Burnett Name CEO of Seiche

Mark Burnett has been promoted to Chief Executive Officer. Burnett will be responsible for the strategic direction of the business, which provides Passive Acoustic Monitoring (PAM), marine environment and visual monitoring technology solutions to the oil and gas, renewables, marine construction, marine science, utilities, power and defense sectors.Burnett joined Seiche as UK Regional Director in November 2016, before being promoted to COO in March 2018. Previous to joining Seiche, Burnett was Chief Executive Officer of WGP Group. He began his career working offshore with Western Geophysical (now WesternGeco

Photo: All American Marine, Inc. (AAM)

AAM launches 77-ft. RV for Duke University

under USCG Subchapter “T” regulations.The Duke Marine Lab is a year-round teaching and research campus located on Pivers Island in Beaufort, North Carolina. It offers academic programs at the doctoral, masters and undergraduate levels, and is home to the Nicholas School of the Environment Marine Science and Conservation programs. The vessel was procured as part of an $11 million gift for the construction and operation of a new state-of-the-art research vessel that will expand teaching, research and outreach capabilities at the Marine Lab.All American Marine, Inc. (AAM

R/V Nanuq Joins U. of Alaska Fleet

The College of Fisheries and Marine Science at the University of Alaska Fairbanks added a new Armstrong Marine-built research vessel to its fleet, Nanuq, which arrived in Seward, Alaska, ealiers this summer.The Port Angeles, Wash.-based boatbuilder designed the 40-foot aluminum hulled boat and Pacific Power Group, working closely with Armstrong, fit the vessel with a pair of Volvo Penta D6 engines that each deliver 330hp. The engines are paired with Aquamatic outdrives and Volvo hydraulic power steering.“Research vessels have very specific performance requirements and Volvo Penta propulsion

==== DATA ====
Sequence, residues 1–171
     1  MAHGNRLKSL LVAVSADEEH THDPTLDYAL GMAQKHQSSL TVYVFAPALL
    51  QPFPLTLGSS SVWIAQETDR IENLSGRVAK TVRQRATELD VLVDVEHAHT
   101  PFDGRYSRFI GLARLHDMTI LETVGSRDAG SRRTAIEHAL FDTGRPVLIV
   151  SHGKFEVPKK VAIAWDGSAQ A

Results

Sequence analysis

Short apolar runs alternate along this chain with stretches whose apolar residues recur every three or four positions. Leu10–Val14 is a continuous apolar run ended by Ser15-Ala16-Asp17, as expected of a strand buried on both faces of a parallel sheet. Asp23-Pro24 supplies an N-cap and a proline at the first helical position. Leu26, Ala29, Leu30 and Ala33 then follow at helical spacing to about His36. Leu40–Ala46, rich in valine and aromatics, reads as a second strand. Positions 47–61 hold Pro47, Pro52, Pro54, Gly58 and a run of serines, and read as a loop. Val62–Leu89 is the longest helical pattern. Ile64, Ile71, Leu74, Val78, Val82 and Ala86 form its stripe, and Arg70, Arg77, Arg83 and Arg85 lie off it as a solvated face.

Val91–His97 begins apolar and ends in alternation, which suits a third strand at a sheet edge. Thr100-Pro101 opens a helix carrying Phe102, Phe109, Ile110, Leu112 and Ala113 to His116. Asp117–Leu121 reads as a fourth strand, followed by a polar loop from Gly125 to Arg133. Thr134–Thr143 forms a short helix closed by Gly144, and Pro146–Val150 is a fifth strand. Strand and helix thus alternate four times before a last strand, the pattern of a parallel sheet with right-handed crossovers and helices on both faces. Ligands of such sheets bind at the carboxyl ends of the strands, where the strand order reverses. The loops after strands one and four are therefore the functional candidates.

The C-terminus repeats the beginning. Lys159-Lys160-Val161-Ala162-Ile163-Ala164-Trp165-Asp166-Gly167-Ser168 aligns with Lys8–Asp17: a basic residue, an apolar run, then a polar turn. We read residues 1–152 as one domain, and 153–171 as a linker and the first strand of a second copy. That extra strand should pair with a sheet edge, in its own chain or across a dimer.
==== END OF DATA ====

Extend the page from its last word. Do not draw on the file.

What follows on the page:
Image Courtesy: National Oceanography Centre (UK)

MTR100: National Oceanography Centre (UK)

.ukThe National Oceanography Center (NOC) is the UK’s leading institution for integrated coastal and deep ocean research. NOC undertakes and facilitates world-class, agenda-setting scientific research to understand the global ocean by solving challenging multidisciplinary, large scale, long-term marine science problems to underpin international and UK public policy, business and wider societal outcomes. At the Marine Robotics Innovation Center in Southampton, the NOC hosts a community of 28 innovative partner companies, working in collaboration to develop next generation technology for platforms, components

PhD student James Coogan will be deploying the ecoSUB on its mission into a hostile Arctic environment (Photo: SAMS)

Robotic AUV Takes on ‘Dangerous’ Arctic Mission

An underwater robotic vehicle will go on an Arctic research mission deemed too dangerous for humans in a bid to help scientists understand the true extent of melting from Arctic glaciers.A team from the Scottish Association for Marine Science (SAMS) in Oban, led by oceanographer Prof Mark Inall, will deploy a small autonomous underwater vehicle (AUV) known as an ecoSUB to the foot of a melting glacier in Arctic Norway. The aim is to learn more about the effect of meltwater on a process called ‘calving’, which causes huge chunks of ice to break off the glacier edge.Less than a meter in